Less than 15% of councils have declared an Ecological Emergency. Why the delay?

In comparison, 83% of county and unitary authorities have declared a Climate Emergency.

Coreen Grant
Coreen Grant

This investigation is the third in a three-part series looking at how local authorities across England are dealing with the nature crisis. The first in the series focused on rewilding, and the second investigated how councils are managing their road verges.

To support our independent journalism, join up as a paying subscriber. This week, members have exclusive access to a package of resources about the Ecological Emergency, including a detailed round-up of actions, links to key documents, and media coverage.

The environmental crisis is not singular but plural. Britain, like the rest of the world, faces two crises: the rise in temperatures and the decline of nature.

These problems are inextricably entwined, each exacerbating – and offering potential solutions – to the other. But local authorities appear to have been slow to realise this fact.

While over two-thirds of English councils have declared a Climate Emergency, an investigation by Inkcap Journal finds that less than 15% have declared an Ecological Emergency.

For the past six months, we’ve been investigating these declarations and what they mean in practice: the actions taken, the money pledged, and the impacts on decision-making. This is what we found.

What is an Emergency Declaration?

The climate emergency witnessed an unprecedented level of attention in 2019. Mass protests and school strikes, among other things, led hundreds of local authorities to declare a Climate Emergency: a pledge to reduce their own emissions and to help others in their area do the same.

Despite a rising awareness of the nature crisis, this has yet to be translated into council policy in the same way. While 123 of 149 county and unitary authorities have declared a climate emergency, only 22 have declared some form of ecological emergency.

On 13th December 2018, Brighton and Hove became the first council to declare a climate and biodiversity emergency. Bristol was the first council in the UK to specifically declare an ecological emergency, with a standalone declaration passed in February 2020.

More than half of the councils to declared an Ecological Emergency were run by Labour or a Labour minority, while just 22% were run by the Conservatives or a Conservative minority.

The form of declaration varies by council – some councils have declared a “Biodiversity Emergency” or an “Environment Emergency” – yet they all function in a similar way, stating the council’s intention to take leadership in combating threats to the ecosystem.

“An Ecological Emergency has been declared by the council in response to the ongoing threat to wildlife and ecosystems. The declaration recognises the essential role nature plays in society and the economy and provides a statement of intent to protect wildlife and habitats, enabling residents to benefit from a green, nature rich environment.”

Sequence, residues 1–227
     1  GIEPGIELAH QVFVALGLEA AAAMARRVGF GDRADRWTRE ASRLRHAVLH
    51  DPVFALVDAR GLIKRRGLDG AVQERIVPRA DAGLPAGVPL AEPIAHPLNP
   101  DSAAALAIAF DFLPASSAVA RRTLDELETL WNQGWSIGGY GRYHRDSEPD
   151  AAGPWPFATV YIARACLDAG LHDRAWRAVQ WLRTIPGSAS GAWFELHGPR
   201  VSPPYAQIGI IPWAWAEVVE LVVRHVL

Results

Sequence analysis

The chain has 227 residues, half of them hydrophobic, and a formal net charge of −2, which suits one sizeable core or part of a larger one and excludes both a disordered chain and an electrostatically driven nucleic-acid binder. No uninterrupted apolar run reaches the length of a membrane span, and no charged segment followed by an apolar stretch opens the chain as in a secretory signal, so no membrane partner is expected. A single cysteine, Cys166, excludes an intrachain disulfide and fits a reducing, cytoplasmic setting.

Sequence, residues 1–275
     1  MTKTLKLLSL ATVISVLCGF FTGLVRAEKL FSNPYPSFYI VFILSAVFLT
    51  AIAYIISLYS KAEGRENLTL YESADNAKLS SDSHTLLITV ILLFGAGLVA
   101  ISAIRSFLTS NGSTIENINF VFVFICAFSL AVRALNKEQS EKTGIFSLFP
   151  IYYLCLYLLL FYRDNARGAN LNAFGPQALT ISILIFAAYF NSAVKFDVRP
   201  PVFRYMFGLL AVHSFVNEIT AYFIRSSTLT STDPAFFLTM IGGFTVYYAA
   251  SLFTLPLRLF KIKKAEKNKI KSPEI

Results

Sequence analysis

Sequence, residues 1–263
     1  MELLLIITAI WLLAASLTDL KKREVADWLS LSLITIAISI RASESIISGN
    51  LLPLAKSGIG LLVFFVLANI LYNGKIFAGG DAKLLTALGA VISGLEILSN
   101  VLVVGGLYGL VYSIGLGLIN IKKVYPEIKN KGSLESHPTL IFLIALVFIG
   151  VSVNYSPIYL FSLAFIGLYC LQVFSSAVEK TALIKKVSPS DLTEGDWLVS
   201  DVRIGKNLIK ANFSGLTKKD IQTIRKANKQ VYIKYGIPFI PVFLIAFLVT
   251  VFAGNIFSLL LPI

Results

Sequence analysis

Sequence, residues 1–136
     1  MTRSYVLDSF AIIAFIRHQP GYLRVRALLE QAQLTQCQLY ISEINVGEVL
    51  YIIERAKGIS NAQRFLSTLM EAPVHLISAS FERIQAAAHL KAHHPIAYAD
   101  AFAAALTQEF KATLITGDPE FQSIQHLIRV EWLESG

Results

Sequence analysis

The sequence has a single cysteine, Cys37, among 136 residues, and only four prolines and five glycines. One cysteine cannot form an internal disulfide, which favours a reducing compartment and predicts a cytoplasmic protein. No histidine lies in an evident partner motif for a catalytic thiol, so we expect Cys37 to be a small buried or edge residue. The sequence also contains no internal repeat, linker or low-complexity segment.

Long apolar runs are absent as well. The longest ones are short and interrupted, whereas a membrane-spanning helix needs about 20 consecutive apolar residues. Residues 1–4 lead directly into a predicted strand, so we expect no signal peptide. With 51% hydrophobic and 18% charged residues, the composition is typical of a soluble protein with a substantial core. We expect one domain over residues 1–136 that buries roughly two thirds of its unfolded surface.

– Bath and North East Somerset Council

The process begins when a councillor brings a motion to the council, which councillors can choose to pass or reject, with a majority required for the motion to succeed.

Some councils have issued declarations that address the climate and ecological emergencies simultaneously. These include Cambridgeshire, Bournemouth, Christchurch & Poole, Windsor & Maidenhead, Brent and Ealing. Other councils, such as Herefordshire, Dorset, Bath & North East Somerset and Bristol, added a declaration of ecological emergency to their initial climate declarations.

Councillor Elissa Swinglehurst, who seconded the Ecological Emergency declaration in Herefordshire, explained that the ecological emergency had been implicit in its earlier climate declaration, but the secondary ecological emergency declaration “sought to raise awareness and encourage people to be considerate of the natural world: such an approach needed to be incorporated in the processes and policies at the council.”

The following graphic shows which councils have passed Ecological Emergency declarations to date.

Why so few declarations?

The small number of councils to declare an Ecological Emergency may appear discouraging, but it’s worth remembering that the movement has gained traction at other levels of government, and beyond.

While our analysis focuses on county and unitary authorities, a lot of work has happened at the level of district, city, town and parish councils across England. Uttlesford District declared an ecological emergency in July 2019, for instance, while South Oxfordshire stepped up in February of this year.

Non-political institutions have also embraced the movement: the Royal College of Psychiatrists, for instance, declared a Climate and Ecological Emergency in May, citing the mental health impacts of environmental breakdown.

There is also an effort to get the national government on board. The Climate and Ecological Emergency Bill, drafted by a group of scientists, legal experts, ecological economists and environmentalists, was initially presented to Parliament in September 2020. Since then, it has gathered the support of over 100 MPs across eight political parties – although, notably, none from the Conservatives.